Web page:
During the latter part of the year 1964, or the first part of 1965, this band was playing regularly at the Bamboo Club in Lake Charles and occasionally at other places. Guillory acquired an interest in the Moulin Rouge Club at that time, however, and he prevailed upon the other members to discontinue playing at the Bamboo Club and to begin playing regularly at the Moulin Rouge instead. A relatively short time after making this change, all of the members except Guillory became dissatisfied with the arrangement, and nine of the ten members voted to go back to playing at the Bamboo Club. Guillory was the only member who refused to join them in this decision, and he thereupon separated or disassociated himself from the other members.
Immediately after this split in the band occurred, the nine original members elected a new leader, a new member came into the band to take Guillory's place, and the orchestra resumed playing regularly at the Bamboo Club, and other places, under the name of "The Boogie Kings." Also, immediately after the split, Guillory joined with nine other musicians to form a new orchestra, and this new group resumed playing at the Moulin Rouge Club, and other places, and they called themselves "Clint West and The Boogie Kings."
The nine original members of the band, who separated from Guillory, compose the plaintiff association. This suit was instituted by them or in their behalf. This plaintiff group contends that the band, as an unincorporated association, had acquired a proprietary interest in the trade name, "The Boogie Kings," that the name belonged to the association as a whole and not to any one individual, that Guillory ceased to have any right to or interest in that trade name when he withdrew as a member of the association, and that his use of the name after his withdrawal is an attempt to capitalize on the reputation of the plaintiff association and cause it injury.
Defendant contends that the band, as an organization or association, never acquired a proprietary interest in this trade name, that the right to use that name was vested originally in Ardoin and Miller, that Miller acquired the exclusive right to use it when Ardoin abandoned any claim to it, and that shortly prior to the "split" Miller specifically gave to defendant Guillory the exclusive right to use the name, "The Boogie Kings."
The trial judge concluded that the band was an "unincorporated association," that it was governed by a majority vote of its members, that defendant Guillory "was never more than a featured vocalist with this band," and that he "never acquired the trade name as such."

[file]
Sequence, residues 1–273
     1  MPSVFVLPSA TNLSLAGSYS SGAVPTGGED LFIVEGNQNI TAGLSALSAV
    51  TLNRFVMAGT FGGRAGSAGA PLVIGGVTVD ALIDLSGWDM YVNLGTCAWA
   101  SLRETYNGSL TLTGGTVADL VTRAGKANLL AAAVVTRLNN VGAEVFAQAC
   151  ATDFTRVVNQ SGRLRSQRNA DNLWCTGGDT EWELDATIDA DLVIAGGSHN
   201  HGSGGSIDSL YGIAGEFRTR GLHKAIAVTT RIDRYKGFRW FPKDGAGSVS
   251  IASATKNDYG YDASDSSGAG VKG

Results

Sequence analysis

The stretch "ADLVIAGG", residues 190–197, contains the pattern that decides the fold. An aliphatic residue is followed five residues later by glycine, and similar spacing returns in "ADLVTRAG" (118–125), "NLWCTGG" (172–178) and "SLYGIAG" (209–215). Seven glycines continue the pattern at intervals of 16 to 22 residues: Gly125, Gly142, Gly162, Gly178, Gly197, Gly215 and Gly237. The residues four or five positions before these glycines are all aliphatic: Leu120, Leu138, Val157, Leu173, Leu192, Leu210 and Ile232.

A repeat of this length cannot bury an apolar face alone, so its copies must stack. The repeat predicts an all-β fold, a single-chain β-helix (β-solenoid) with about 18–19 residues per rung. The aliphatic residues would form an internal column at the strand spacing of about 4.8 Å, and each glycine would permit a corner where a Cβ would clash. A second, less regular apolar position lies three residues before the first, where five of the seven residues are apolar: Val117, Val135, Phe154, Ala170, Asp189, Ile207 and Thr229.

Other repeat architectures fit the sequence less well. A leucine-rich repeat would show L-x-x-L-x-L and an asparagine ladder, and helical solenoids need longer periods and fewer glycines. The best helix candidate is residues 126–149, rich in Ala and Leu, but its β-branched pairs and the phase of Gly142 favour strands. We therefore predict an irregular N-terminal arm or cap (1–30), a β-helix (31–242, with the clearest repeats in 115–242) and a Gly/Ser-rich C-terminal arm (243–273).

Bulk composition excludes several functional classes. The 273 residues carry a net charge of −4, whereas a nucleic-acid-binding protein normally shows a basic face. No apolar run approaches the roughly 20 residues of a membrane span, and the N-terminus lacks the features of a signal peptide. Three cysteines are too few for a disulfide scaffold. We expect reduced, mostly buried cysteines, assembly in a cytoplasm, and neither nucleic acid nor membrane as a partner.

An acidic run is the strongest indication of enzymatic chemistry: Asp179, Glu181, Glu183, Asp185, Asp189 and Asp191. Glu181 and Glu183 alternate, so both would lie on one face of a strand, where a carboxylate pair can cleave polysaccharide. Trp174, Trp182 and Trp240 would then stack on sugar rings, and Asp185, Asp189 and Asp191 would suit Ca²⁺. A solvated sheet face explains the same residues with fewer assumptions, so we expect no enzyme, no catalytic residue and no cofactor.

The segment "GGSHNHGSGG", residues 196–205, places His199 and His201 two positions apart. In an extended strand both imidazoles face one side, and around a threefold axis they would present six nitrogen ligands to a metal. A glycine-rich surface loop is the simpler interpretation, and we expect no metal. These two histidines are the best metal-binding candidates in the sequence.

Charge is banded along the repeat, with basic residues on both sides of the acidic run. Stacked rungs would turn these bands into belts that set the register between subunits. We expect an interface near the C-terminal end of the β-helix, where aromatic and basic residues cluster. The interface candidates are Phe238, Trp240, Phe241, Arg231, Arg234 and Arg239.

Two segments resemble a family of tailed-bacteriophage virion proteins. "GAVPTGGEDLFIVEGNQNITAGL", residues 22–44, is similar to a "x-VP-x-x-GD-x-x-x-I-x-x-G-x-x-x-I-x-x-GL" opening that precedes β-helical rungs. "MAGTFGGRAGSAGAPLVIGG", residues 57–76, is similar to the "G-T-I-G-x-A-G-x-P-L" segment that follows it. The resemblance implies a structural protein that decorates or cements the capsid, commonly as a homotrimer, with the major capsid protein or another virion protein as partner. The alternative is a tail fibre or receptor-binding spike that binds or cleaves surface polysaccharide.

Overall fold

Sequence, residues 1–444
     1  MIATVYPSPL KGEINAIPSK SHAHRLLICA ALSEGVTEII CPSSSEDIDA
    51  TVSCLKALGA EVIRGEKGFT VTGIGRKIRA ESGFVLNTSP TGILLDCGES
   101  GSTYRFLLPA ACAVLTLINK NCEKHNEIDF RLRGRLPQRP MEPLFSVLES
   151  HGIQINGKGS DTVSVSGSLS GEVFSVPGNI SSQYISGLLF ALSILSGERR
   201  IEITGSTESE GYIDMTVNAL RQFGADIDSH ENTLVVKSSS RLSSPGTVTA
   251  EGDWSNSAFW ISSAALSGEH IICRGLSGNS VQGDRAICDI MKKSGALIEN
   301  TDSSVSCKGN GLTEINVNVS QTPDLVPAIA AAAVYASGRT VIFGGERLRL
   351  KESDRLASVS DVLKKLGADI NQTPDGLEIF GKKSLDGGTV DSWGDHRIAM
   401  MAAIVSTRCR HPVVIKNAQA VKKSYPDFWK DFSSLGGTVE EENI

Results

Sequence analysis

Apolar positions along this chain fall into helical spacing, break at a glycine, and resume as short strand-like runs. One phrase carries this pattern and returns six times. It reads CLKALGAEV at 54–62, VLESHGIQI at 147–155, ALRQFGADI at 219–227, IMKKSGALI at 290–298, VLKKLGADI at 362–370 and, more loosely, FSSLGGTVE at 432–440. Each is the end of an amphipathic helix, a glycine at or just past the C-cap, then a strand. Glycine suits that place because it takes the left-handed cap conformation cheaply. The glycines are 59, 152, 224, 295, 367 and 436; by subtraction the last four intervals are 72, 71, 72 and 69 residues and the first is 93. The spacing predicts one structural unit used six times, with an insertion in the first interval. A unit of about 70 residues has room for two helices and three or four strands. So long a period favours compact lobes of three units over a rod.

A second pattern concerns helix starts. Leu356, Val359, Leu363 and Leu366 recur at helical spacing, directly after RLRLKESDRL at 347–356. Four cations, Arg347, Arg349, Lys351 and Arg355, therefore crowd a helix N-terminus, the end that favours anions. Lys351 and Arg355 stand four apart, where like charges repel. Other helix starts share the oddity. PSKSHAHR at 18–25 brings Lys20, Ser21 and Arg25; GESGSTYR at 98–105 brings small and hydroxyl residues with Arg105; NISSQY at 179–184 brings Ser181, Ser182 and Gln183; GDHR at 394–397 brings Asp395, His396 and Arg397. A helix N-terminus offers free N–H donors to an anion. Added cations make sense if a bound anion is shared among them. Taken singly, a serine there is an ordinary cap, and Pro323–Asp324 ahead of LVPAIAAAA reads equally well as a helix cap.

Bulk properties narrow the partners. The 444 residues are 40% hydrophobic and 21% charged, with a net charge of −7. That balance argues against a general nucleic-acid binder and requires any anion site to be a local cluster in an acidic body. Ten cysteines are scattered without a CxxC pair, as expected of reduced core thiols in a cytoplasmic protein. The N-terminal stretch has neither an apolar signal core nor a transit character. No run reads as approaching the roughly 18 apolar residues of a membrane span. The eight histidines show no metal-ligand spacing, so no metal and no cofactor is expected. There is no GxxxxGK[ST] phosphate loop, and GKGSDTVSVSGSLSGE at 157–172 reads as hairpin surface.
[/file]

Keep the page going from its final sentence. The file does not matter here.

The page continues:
It is settled in our law that trade names will be protected against unfair use, imitation, or simulation. The law's protection against unfair competition by the use of another's trade name rests upon the deceit or fraud which the newcomer in the business practices, not only upon the one already established in the business but also upon the public. A trade name, though not the subject of a technical trademark, will be as fully protected as if it had been so registered, on the ground of unfair trade. Priority of appropriation of the trade name determines the question as to which one of the conflicting claimants is entitled to use it. New Orleans Checker Cabs, Inc. v. Mumphrey, 205 La. 1083, 18 So.2d 629; Straus Frank Company v. Brown, 246 La. 999, 169 So.2d 77; Home Beverage Service v. Baas, 210 La. 873, 28 So.2d 481; Dynasty Room, Inc. v. Whiskey-A-Go-Go, Inc., La. App. 4 Cir., 186 So.2d 402.
In the instant suit, the evidence shows that during the period from 1955 to 1964 the band known by the trade name of "The Boogie Kings" acquired a considerable amount of popularity. Because of its reputation as a musical organization or dance band, its trade name has acquired some significance and value. The person or organization first appropriating the name or having the legal right to use it, therefore, has a proprietary interest in that name and is entitled to judgment enjoining another from appropriating it